The McLean County Museum of History has, once again, received the highest national recognition afforded the nation's museums: accreditation by the American Alliance of Museums.
Of the nation's estimated 33,000 museums, just over 1,080, or 3.3%, are accredited. Alliance Accreditation recognizes museums for their commitment to excellence, accountability, high professional standards, and continued institutional improvement.
Executive Director Julie Emig is out on medical leave from the McLean County Museum of History until December. Her prognosis is exceptionally good with a full recovery expected. While Julie is managing her health, the Board has named Development Director Norris Porter as the Acting Executive Director. "I have complete confidence in Porter’s leadership,” said Emig. “The Museum is in great hands.” Please direct any questions you have about the Museum to email@example.com.
After immortalizing the legacy of 336 McLean County WWII veterans by placing bronze tablets etched with their names atop a once fading memorial on the East side of the Museum Square, the McLean County Museum of History is set to host a memorial rededication ceremony on Saturday, November 5, 2022 at 1 pm.
...Even more rewarding than any accolades, however, is the nearing opportunity for creators and contributors to break bread together in person for the first time following the immense and continued success of this highly personal—and virtual—project. This private Long Table-inspired event for project contributors will take place in September in alliance with the City of Bloomington's Welcoming America initiative and Welcoming Week celebration.
Two McLean County residents with working class roots continue to make history as major community and philanthropic leaders. Deanna Frautschi and Alan Bedell both impact many lives with their generous souls, nurtured by their love of nature.
“Tikkun Olam,” a phrase in Hebrew meaning to “repair the world,” sums up George and Myra Gordon’s many community contributions, including education, recycling, and planting trees.
The McLean County Museum of History (MCMH) received an award for Superior Achievement in Community Partnerships by the Illinois Association for Museums (IAM) in recognition of their groundbreaking series, “Breaking Bread in McLean County.” This 10-part online program highlighted the shared and disparate experiences of local migrant communities from the Kickapoo to Congolese Americans, emphasizing shared elements including food, family, tradition, trauma, and exchange to promote a deeper understanding of the ways McLean County has treated its past and present im/migrant communities.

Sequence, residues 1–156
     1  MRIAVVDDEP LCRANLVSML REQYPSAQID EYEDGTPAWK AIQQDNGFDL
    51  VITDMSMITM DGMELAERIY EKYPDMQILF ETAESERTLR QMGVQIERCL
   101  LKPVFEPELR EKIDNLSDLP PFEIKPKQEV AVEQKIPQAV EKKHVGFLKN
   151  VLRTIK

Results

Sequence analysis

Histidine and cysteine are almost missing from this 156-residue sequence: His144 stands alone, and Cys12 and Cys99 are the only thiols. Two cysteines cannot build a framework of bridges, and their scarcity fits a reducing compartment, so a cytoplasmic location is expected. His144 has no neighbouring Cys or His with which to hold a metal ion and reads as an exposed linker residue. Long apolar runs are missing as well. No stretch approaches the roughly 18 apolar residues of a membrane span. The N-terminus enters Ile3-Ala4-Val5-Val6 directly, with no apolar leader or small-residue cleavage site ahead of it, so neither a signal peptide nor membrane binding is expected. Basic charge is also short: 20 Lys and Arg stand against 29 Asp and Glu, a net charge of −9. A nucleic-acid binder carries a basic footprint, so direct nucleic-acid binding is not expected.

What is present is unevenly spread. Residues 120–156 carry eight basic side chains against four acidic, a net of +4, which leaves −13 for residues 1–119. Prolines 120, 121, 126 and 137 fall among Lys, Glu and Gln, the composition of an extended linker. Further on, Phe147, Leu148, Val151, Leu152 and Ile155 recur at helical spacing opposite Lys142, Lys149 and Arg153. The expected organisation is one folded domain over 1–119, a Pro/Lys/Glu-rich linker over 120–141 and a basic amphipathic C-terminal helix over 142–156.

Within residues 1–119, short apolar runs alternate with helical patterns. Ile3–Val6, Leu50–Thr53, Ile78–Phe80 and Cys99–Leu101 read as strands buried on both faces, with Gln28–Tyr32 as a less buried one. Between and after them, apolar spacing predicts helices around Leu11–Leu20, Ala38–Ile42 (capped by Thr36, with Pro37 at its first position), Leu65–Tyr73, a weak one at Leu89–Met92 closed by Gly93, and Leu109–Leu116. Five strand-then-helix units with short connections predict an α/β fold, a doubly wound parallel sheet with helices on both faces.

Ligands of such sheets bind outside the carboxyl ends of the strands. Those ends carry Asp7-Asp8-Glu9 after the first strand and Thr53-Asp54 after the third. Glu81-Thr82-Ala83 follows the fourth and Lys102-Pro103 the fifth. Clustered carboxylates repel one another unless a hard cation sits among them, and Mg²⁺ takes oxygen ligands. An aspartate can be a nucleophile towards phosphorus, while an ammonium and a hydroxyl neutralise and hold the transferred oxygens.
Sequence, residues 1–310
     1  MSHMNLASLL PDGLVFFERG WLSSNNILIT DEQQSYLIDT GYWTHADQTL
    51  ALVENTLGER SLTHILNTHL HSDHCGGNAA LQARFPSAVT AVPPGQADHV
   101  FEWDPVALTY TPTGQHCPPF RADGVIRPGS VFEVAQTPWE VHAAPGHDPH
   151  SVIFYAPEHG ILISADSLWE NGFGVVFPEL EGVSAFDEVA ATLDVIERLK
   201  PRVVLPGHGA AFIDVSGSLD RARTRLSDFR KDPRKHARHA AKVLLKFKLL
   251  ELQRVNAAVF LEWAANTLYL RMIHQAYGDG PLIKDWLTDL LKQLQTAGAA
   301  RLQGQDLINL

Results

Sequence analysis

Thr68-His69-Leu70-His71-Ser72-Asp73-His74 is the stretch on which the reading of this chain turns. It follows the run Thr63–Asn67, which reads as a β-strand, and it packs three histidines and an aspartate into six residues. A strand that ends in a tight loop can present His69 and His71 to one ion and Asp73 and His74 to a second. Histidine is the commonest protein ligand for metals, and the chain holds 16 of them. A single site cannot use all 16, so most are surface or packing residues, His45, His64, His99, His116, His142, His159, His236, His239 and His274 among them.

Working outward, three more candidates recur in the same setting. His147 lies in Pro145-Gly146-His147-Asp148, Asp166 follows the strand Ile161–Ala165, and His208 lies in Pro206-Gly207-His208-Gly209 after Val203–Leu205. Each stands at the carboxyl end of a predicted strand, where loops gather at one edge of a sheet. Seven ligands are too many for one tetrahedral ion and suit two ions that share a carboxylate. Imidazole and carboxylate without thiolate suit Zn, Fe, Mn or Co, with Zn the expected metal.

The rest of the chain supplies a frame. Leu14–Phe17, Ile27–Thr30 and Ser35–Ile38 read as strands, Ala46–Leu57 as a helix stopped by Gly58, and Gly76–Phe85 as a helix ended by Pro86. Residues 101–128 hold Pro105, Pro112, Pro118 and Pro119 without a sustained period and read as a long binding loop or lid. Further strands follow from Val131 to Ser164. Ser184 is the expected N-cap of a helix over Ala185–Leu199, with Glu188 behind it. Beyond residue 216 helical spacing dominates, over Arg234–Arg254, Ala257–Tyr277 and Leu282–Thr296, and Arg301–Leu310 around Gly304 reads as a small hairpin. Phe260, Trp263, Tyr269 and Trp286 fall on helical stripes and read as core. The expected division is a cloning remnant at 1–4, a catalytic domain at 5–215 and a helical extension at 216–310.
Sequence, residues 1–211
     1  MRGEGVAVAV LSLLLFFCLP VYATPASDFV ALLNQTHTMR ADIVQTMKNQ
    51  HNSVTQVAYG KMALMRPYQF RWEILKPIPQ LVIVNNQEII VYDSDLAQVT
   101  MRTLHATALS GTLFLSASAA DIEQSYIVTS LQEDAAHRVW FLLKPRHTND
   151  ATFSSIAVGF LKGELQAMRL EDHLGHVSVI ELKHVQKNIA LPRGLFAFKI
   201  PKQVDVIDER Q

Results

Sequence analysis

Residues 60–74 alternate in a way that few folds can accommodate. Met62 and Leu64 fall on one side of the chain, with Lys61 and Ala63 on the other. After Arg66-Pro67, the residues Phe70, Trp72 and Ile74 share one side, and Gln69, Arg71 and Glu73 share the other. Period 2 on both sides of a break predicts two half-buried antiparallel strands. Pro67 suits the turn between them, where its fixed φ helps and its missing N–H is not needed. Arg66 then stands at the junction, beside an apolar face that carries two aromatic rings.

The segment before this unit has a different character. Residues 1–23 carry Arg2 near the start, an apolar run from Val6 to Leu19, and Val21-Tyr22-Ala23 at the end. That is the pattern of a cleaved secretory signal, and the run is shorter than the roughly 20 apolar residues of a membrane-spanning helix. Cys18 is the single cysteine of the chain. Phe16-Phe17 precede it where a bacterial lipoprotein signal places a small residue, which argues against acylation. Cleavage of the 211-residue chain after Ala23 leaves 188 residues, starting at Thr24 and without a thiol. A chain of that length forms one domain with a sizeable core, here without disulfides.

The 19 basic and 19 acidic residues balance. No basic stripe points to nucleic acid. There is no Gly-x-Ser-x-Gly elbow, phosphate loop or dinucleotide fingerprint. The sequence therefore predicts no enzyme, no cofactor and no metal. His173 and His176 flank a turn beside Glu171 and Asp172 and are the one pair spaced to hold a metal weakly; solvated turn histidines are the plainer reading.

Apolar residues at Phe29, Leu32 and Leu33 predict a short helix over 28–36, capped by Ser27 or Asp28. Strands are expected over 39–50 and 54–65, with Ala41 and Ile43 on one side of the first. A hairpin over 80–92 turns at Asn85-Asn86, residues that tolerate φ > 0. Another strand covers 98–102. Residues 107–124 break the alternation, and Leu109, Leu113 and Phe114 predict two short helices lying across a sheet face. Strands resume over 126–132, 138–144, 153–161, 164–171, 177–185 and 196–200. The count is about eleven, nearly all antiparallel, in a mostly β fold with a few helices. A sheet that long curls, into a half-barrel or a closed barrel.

In the interest of the safety of our patrons, volunteers, and staff in light of the developing COVID-19 situation regionally and nationally, the McLean County Museum of History and Cruisin’ with Lincoln on 66 Visitors Center will be closed to the public beginning Saturday, March 14. Should conditions allow, the Museum will reopen to the public on Monday, April 6.
The McLean County Museum of History welcomes and values all visitors. We are committed to representing the entire community by sharing your history, your story. In fact, it is part of our mission to “reflect the diversity of McLean County,” and we take that mission seriously. As an educational institution, the Museum’s job is to illuminate stories and foster opportunities for dialogue so people can learn from the experiences of one another—whether they lived 1,000 years ago or today. These stories must serve both as mirrors that reflect ourselves and as windows that allow us to view the wider world.
It’s a rough road from the Louisiana cotton fields to Bloomington-Normal, with obstacles every step of the way. Henry Gay Sr. completed that journey with dignity and standing up for human rights.
What happens when you mix a Chicago Irish Democrat with a small-town Illinois Baptist Republican? - The amazing community servant duo of Richard and Judy Buchanan.
In 1988, a group of local activists became exploring a “Sister City” relationship with a Russian community, hoping to lessen Cold War tensions. Jana and Orlyn were in the delegation to the Soviet Union and eventually decided upon Vladimir as Bloomington-Normal’s sister city. Locally, she was called a “communist, unpatriotic” and threatened, including anonymous phone calls: “We know you are home alone right now.”